1 IN THE UNITED STATES DISTRICT COURT 2 FOR THE NORTHERN DISTRICT OF CALIFORNIA 3 4 GUADALUPE GUTIERREZ, SR., 5 6 7 No. C 11-03428 CW Plaintiff, ORDER DENYING PLAINTIFF'S MOTION TO REMAND CASE TO STATE COURT v. 8 KAISER FOUNDATION HOSPITALS, CARLOS AVILA; AND DOES 1 THROUGH 10, 9 Defendants. United States District Court For the Northern District of California 10 ________________________________/ 11 12 13 INTRODUCTION Plaintiff Guadalupe Gutierrez, Sr., brought twelve causes of 14 action in state court against Defendants Kaiser Foundation 15 Hospitals and Carlos Avila based on allegations that Defendants 16 subjected him to adverse employment actions including race and age 17 discrimination, unlawful termination, and retaliation for 18 disclosing unlawful conduct. 19 federal court based on preemption under section 301 of the Labor 20 Management Relations Act (LMRA). 21 case to state court and seeks attorneys' fees. 22 the motion. 23 created by a collective bargaining agreement, and they are 24 preempted. 25 remaining claims, and the motion to remand is DENIED. 26 27 28 Defendants removed the case to Plaintiff moves to remand the Defendants oppose Plaintiff has brought two claims based on rights The Court has supplemental jurisdiction over the BACKGROUND Plaintiff was employed, pursuant to a collective bargaining agreement (CBA), as Lead Biomedical Engineer with Kaiser for more 1 than twenty-two years. 2 around June 6, 2009, Avila "abruptly removed" him from work and 3 placed him on administrative leave without providing an 4 explanation or an opportunity to address the alleged misconduct, 5 which included excessive overtime, falsifying service reports, and 6 entering false safety readings. 7 in violation of Kaiser's policy of progressive discipline and, 8 further, that it was part of Kaiser's practice falsely to accuse 9 older workers of time sheet abuse in order to force them into United States District Court For the Northern District of California 10 11 Plaintiff's complaint states that on or Plaintiff alleges that this was resignation. Plaintiff further states that, around February 2008, he and 12 other employees had complained about the racial discrimination and 13 abusive conduct of a supervisor. 14 five non-union subcontractors, which Plaintiff argues was in 15 violation of the CBA. 16 subcontractors schemed to cause his termination. 17 2009, Avila allegedly removed Plaintiff from his work based on his 18 being a "whistleblower." 19 after an arbitration proceeding determined that he had not been 20 terminated for just cause. 21 returned to work, he was subjected to a hostile and discriminatory 22 work environment designed to force his resignation. Later that year, Kaiser hired Plaintiff also alleges that the five On June 26, Plaintiff was eventually reinstated Plaintiff alleges that when he 23 Plaintiff brought twelve causes of action in state court: 24 (1) retaliation; (2) hostile work environment; (3) harassment; 25 (4) violation of Business and Professions Code section 17200 et 26 seq.; (5) wrongful termination in violation of public policy; 27 (6) violation of Labor Code section 1102.5; (7) constructive 28 discharge in violation of public policy; (8) wrongful termination; 2 1 (9) violation of Art. 1, section 8, of the California 2 Constitution; (10) intentional infliction of emotional distress; 3 (11) breach of the implied covenant of good faith and fair 4 dealing; and (12) age discrimination. 5 6 7 DISCUSSION I. Legal Standard A defendant may remove a civil action filed in state court to 8 federal district court so long as the district court could have 9 exercised original jurisdiction over the matter. 28 U.S.C. United States District Court For the Northern District of California 10 § 1441(a). 11 statute must be strictly construed. 12 564, 566 (9th Cir. 1992). 13 removal jurisdiction means that the defendant always has the 14 burden of establishing that removal is proper." 15 should resolve doubts as to removability in favor of remanding the 16 case to state court. 17 On a motion to remand, the scope of the removal Gaus v. Miles, Inc., 980 F.2d "The 'strong presumption' against Id. Courts Id. "In general, district courts have federal-question 18 jurisdiction only if a federal question appears on the face of a 19 plaintiff's complaint." 20 F.3d 1405, 1409 (9th Cir. 1998) (citing Louisville & Nashville R. 21 Co. v. Mottley, 211 U.S. 149, 152 (1908)). 22 is the master of the complaint, a court does not exercise original 23 jurisdiction over a matter solely because a federal defense may be 24 anticipated. 25 Trust, 463 U.S. 1, 14 (1983). 26 or she wishes to bring and may forgo federal claims. 27 however, an exception to the general rule: the artful pleading 28 doctrine. Brennan v. Southwest Airlines Co., 134 Because the plaintiff Franchise Tax Bd. v. Construction Laborers Vacation A plaintiff chooses what claims he There is, Artful pleading exists where a plaintiff states an 3 1 inherently federal claim in state-law terms. 2 1409. 3 4 5 Brennan, 134 F.3d at DISCUSSION I. Remand Defendants move to dismiss on the basis of federal 6 preemption. 7 over "[s]uits for violations of contracts between an employer and 8 a labor organization representing employees in an industry 9 affecting commerce as defined in this chapter, or between such United States District Court For the Northern District of California 10 11 Section 301 of the LMRA provides federal jurisdiction labor organizations." 29 U.S.C. § 185(a). The Supreme Court has stated that section 301 of the LMRA, 29 12 U.S.C. § 185(a), preempts equivalent remedies under state law and 13 that "the preemptive force of section 301 is so powerful as to 14 displace entirely any state cause of action 'for violation of 15 contracts between an employer and a labor organization.' 16 suit is purely a creature of federal law, notwithstanding the fact 17 that state law would provide a cause of action in the absence of 18 [section] 301." 19 Vacation Trust, 463 U.S. 1, 23 (1983); see also Caterpillar Inc. 20 v. Williams, 482 U.S. 386, 393 (1987). 21 cannot avoid removal by artfully pleading state law claims that 22 are actually preempted by federal statutes. 23 463 U.S. at 22; Young v. Anthony's Fish Grotto, Inc., 830 F.2d 24 993, 996-97 (9th Cir. 1987). 25 however, requires that a plaintiff be able to assert a federal 26 cause of action based on the allegations in the state law 27 complaint. Any such Franchise Tax Bd. v. Construction Laborers Moreover, a plaintiff Franchise Tax Bd., Federal removal jurisdiction, Young, 830 F.2d at 997. 28 4 1 A state law claim is completely preempted by section 301 of 2 the LMRA if resolution of the claim requires the interpretation of 3 a collective bargaining agreement. 4 Chef, Inc., 486 U.S. 399, 413 (1988). 5 founded directly on rights created by collective-bargaining 6 agreements, and claims 'substantially dependent on analysis of a 7 collective-bargaining agreement.'" 8 (citation omitted); Allis-Chalmers Corp. v. Lueck, 471 U.S. 202, 9 220 (1985) (tort claim preempted because extent of employer's duty Lingle v. Norge Div. of Magic "Section 301 governs claims Caterpillar, 482 U.S. at 394 United States District Court For the Northern District of California 10 of good faith depends on terms of collective bargaining 11 agreement). 12 Preemption under section 301 will not apply, however, in all 13 instances in which a collective bargaining agreement is present. 14 Section 301 preemption does not apply where a state-law remedy is 15 independent of a collective bargaining agreement in the sense that 16 resolution of the state-law claim does not require construing the 17 collective bargaining agreement. Lingle v. Norge Div. of Magic 18 Chef, Inc., 486 U.S. 399 (1988). Section 301 does not preempt 19 state causes of action simply because they require analysis of the 20 same facts that would be at issue in a Section 301 claim, Lingle, 21 486 U.S. at 408-09, or because the court must refer to the 22 collective bargaining agreement, as opposed to interpreting its 23 terms, in order to decide the claim. 24 U.S. 107, 123-24 (1994). 25 exist independently of private agreements, and that as a result 26 can be waived or altered by agreement of private parties, are 27 preempted by those agreements." 28 213. Livadas v. Bradshaw, 512 Only state causes of action "that do not Allis-Chalmers Corp., 471 U.S. at 5 1 As Defendants indicate in their opposition, Plaintiff's 2 eighth and eleventh causes of action allege wrongful termination 3 and the breach of the implied covenant of good faith and fair 4 dealing. 5 bargaining agreement, and the Court must refer to and interpret 6 the agreement to adjudicate the claims. 7 applies where claims are founded directly on rights created by a 8 CBA. 9 These claims invoke rights created by the collective Complete preemption Caterpillar, 482 U.S. at 394. Plaintiff's wrongful termination claim is based on Kaiser's United States District Court For the Northern District of California 10 alleged violation of an agreement not to terminate employees 11 without just cause and without progressive discipline. 12 state law does not create such a right independent of a collective 13 bargaining agreement. 14 that provides that no union employee will be terminated without 15 just cause. 16 provides that Kaiser has "the right to issue rules of conduct and 17 appropriate penalties for just cause infractions thereof." 18 Plaintiff's eighth cause of action thus derives directly from and 19 is created by the agreement. 20 876 F.2d 620, 624 (9th Cir. 1989) ("Discharge for just cause is a 21 subject governed by the collective bargaining agreement. This 22 count is inextricably intertwined with the collective bargaining 23 agreement and is preempted by section 301."). 24 California It is the collective bargaining agreement Avila Dec., Ex. A, CBA Section 3. It further See Johnson v. Anheuser Busch, Inc., The implied covenant of good faith and fair dealing "is read 25 into contracts in order to protect the express covenants or 26 promises of the contract, not to protect some general public 27 policy interest not directly tied to the contract's purposes." 28 Foley v. Interactive Data Corp., 47 Cal.3d 654, 690 (1988). 6 1 Although the eleventh cause of action itself is based in state 2 law, a claim for breach of the implied covenant of good faith and 3 fair dealing requires a valid agreement and an interpretation of 4 that agreement, to give effect to its terms. 5 and County of San Francisco, 225 Cal. App. 3d 38, 49 (1990) ("The 6 prerequisite for any action for breach of the implied covenant of 7 good faith and fair dealing is the existence of a contractual 8 relationship between the parties, since the covenant is an implied 9 term in the contract.") See Smith v. City Here, that agreement is the CBA. Ninth United States District Court For the Northern District of California 10 Circuit cases are consistent with this reasoning. 11 Pacific Racing Ass'n, 854 F.2d 1142 (9th Cir. 1988), the court 12 found that a claim of a breach of the implied covenant of good 13 faith and fair dealing required it to interpret the specific 14 language of a collective bargaining agreement's terms, and that, 15 therefore, the claim was preempted under section 301. 16 854 F.2d at 1148. 17 II. In Newberry v. Newberry, Supplemental Jurisdiction 18 Because Plaintiff's claims for wrongful termination and 19 breach of the implied covenant of good faith and fair dealing are 20 preempted by section 301, the Court has federal question 21 jurisdiction over those claims. 22 in its discretion, remand the remaining non-preempted state law 23 claims. 24 a common nucleus of operative facts with the preempted claims, the 25 Court may, and does, exercise supplemental jurisdiction over these 26 claims. 27 U.S. 715, 725 (1966). 28 U.S.C. § 1331. The Court may, However, because Plaintiff's remaining claims arise from 28 U.S.C. § 1367(a); United Mine Workers v. Gibbs, 383 28 7 1 2 III. Attorneys' Fees Title 28 U.S.C. section 1447(c) provides for "just costs and 3 any actual expenses, including attorney's fees, incurred as a 4 result of the removal" to a moving party who successfully seeks 5 remand. 6 to attorneys' fees. Because the motion is denied, Plaintiff is not entitled 7 8 9 CONCLUSION For the foregoing reasons, Plaintiff's motion (Docket No. 16) is DENIED. United States District Court For the Northern District of California 10 11 IT IS SO ORDERED. 12 13 14 Dated: 9/27/2011 CLAUDIA WILKEN United States District Judge 15 16 17 18 19 20 21 22 23 24 25 26 27 28 8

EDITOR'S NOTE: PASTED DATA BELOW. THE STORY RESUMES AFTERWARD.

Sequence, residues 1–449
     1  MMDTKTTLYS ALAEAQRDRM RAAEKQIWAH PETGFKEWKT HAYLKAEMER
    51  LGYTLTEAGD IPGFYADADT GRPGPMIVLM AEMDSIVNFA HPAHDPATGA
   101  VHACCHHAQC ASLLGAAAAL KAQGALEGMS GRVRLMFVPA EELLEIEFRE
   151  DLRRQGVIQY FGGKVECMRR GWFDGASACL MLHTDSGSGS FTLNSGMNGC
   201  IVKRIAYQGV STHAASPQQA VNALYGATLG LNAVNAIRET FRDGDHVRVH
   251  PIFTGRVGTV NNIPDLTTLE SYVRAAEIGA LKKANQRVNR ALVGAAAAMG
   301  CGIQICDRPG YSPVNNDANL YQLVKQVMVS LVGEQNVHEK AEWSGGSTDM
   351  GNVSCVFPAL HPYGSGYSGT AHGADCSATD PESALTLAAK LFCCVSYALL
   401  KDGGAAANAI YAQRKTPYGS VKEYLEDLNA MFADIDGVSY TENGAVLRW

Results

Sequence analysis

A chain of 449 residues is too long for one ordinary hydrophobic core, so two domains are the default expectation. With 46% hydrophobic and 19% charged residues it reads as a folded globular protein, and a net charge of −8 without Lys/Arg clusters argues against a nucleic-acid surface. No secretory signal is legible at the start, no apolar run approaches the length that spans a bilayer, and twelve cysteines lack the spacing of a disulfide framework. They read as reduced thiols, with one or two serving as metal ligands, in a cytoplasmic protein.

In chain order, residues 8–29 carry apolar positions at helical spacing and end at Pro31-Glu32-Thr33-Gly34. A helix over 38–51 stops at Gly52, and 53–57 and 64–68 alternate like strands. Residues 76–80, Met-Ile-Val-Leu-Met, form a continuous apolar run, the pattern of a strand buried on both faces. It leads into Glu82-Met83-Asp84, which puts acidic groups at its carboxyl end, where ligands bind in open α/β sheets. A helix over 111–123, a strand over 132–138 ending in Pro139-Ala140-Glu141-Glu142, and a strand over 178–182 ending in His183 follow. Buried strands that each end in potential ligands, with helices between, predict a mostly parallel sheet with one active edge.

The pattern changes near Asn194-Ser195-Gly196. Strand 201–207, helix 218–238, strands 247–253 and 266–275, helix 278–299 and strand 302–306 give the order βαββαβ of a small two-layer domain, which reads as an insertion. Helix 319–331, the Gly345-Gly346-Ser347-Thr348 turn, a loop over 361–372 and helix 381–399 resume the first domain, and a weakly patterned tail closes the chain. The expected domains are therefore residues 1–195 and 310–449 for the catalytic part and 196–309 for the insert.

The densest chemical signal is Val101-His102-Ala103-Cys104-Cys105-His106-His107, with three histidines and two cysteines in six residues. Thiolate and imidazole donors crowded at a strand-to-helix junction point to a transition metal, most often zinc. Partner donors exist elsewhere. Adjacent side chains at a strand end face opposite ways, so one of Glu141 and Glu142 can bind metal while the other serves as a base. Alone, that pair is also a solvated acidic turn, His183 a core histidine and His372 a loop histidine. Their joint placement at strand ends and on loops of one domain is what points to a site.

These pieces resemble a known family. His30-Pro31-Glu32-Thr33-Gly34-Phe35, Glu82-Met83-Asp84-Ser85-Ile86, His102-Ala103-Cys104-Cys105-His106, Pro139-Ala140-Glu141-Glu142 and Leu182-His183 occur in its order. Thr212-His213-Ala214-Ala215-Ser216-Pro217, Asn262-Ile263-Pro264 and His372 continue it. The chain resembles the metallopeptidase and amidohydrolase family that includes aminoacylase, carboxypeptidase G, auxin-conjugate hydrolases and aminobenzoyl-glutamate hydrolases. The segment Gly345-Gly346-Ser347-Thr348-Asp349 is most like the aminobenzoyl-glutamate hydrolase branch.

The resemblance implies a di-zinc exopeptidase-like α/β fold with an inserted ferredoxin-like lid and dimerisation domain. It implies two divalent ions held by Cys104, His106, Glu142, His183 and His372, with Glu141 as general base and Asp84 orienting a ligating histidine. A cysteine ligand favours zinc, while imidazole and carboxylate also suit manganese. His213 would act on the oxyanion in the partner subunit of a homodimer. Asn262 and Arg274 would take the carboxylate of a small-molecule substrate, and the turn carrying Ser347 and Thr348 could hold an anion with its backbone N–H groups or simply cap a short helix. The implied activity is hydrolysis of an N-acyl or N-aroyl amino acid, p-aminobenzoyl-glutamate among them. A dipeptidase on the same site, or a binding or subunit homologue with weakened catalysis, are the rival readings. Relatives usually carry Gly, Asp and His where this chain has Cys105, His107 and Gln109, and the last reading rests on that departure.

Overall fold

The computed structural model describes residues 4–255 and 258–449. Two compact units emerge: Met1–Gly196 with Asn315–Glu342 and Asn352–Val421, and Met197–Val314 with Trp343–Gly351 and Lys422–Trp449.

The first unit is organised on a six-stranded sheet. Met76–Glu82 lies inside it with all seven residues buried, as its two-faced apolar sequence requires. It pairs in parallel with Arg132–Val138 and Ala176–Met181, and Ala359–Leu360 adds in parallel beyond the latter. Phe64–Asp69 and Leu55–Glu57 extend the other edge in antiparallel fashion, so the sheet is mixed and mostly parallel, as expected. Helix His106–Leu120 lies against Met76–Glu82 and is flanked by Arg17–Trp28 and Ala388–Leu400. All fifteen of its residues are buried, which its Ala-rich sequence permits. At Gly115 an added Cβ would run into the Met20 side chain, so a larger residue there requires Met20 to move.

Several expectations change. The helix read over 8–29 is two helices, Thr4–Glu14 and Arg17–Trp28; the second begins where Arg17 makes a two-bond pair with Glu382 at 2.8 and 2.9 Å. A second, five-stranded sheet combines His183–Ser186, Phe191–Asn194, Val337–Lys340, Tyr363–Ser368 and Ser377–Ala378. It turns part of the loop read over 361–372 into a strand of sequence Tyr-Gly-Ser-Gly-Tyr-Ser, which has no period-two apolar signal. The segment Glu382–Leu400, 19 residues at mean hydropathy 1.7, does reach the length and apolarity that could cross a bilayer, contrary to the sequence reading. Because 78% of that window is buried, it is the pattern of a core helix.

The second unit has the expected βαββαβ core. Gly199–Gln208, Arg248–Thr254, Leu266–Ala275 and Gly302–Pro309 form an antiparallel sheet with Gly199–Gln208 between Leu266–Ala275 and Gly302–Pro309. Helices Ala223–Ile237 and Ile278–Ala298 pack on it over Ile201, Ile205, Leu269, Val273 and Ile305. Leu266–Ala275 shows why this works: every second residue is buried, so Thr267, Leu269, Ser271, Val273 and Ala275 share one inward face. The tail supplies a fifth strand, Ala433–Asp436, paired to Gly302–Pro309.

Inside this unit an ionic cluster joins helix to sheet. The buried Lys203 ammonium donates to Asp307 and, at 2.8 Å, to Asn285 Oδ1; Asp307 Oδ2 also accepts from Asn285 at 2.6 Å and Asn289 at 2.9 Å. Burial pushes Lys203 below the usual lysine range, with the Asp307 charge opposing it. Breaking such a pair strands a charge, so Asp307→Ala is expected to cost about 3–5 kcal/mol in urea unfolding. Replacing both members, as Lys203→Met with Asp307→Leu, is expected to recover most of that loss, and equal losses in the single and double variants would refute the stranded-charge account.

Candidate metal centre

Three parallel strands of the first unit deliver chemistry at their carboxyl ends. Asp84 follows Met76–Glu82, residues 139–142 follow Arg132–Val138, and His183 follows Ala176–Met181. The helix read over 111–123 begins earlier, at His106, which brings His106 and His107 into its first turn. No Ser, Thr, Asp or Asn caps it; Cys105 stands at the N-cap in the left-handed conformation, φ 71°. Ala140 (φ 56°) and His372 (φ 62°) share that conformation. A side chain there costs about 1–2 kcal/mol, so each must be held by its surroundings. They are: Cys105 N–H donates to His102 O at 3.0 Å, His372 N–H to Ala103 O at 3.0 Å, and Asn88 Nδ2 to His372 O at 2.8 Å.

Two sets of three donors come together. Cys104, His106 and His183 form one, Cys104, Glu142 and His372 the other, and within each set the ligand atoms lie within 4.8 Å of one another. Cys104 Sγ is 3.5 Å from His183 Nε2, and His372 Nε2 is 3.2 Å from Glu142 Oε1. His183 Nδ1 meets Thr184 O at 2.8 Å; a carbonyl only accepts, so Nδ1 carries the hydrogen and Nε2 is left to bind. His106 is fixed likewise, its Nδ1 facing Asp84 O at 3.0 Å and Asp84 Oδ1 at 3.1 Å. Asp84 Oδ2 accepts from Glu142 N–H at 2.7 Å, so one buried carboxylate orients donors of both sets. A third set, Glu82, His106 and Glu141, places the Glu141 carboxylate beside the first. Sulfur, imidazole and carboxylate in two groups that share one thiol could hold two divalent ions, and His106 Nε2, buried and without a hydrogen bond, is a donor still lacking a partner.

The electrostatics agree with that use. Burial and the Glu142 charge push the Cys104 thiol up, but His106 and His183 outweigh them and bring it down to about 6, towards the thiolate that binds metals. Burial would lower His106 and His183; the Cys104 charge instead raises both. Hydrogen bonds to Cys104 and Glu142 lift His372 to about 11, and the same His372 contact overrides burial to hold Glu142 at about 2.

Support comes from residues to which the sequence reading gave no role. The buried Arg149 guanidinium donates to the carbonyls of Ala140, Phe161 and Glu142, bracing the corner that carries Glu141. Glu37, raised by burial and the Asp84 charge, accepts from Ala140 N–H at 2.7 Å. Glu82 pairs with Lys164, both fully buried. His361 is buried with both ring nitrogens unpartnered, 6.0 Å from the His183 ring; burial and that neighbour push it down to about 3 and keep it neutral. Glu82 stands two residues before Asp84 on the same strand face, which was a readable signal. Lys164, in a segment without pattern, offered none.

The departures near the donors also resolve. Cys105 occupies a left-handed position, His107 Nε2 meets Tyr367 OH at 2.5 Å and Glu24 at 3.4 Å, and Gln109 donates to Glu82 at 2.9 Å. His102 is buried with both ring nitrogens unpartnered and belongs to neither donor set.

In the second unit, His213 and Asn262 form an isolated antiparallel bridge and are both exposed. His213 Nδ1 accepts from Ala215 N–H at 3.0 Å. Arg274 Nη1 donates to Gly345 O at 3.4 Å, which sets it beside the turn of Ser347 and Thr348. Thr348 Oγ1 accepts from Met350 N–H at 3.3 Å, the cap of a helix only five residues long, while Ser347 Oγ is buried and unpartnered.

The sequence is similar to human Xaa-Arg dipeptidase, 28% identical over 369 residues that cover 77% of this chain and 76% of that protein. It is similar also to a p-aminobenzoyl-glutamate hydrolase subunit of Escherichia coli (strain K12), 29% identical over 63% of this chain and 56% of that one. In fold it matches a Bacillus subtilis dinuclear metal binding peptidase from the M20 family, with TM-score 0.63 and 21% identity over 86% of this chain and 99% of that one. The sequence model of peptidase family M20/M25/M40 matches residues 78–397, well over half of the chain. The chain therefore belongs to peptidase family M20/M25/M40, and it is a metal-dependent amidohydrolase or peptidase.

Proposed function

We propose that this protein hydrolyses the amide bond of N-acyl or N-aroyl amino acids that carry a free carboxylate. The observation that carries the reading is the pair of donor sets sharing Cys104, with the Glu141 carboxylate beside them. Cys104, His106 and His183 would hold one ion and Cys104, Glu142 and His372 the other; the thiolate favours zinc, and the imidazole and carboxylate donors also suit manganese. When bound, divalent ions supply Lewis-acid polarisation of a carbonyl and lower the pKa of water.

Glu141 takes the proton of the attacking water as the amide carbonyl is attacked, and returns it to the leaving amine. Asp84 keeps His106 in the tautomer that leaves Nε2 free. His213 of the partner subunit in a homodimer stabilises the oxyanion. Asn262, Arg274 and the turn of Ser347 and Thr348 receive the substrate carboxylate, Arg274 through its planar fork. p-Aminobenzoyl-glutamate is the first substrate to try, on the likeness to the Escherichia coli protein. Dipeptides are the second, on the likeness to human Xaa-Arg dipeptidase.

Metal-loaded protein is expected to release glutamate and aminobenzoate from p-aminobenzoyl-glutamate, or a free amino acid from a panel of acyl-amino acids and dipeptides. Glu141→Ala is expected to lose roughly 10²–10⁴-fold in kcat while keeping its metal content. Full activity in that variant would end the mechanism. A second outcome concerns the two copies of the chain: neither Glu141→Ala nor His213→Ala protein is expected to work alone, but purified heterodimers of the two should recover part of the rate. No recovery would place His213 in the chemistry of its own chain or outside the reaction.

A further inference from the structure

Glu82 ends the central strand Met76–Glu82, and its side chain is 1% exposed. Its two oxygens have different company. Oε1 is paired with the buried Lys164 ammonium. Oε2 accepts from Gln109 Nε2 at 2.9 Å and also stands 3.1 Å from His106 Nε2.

Disclaimer: Justia Dockets & Filings provides public litigation records from the federal appellate and district courts. These filings and docket sheets should not be considered findings of fact or liability, nor do they necessarily reflect the view of Justia.


Why Is My Information Online?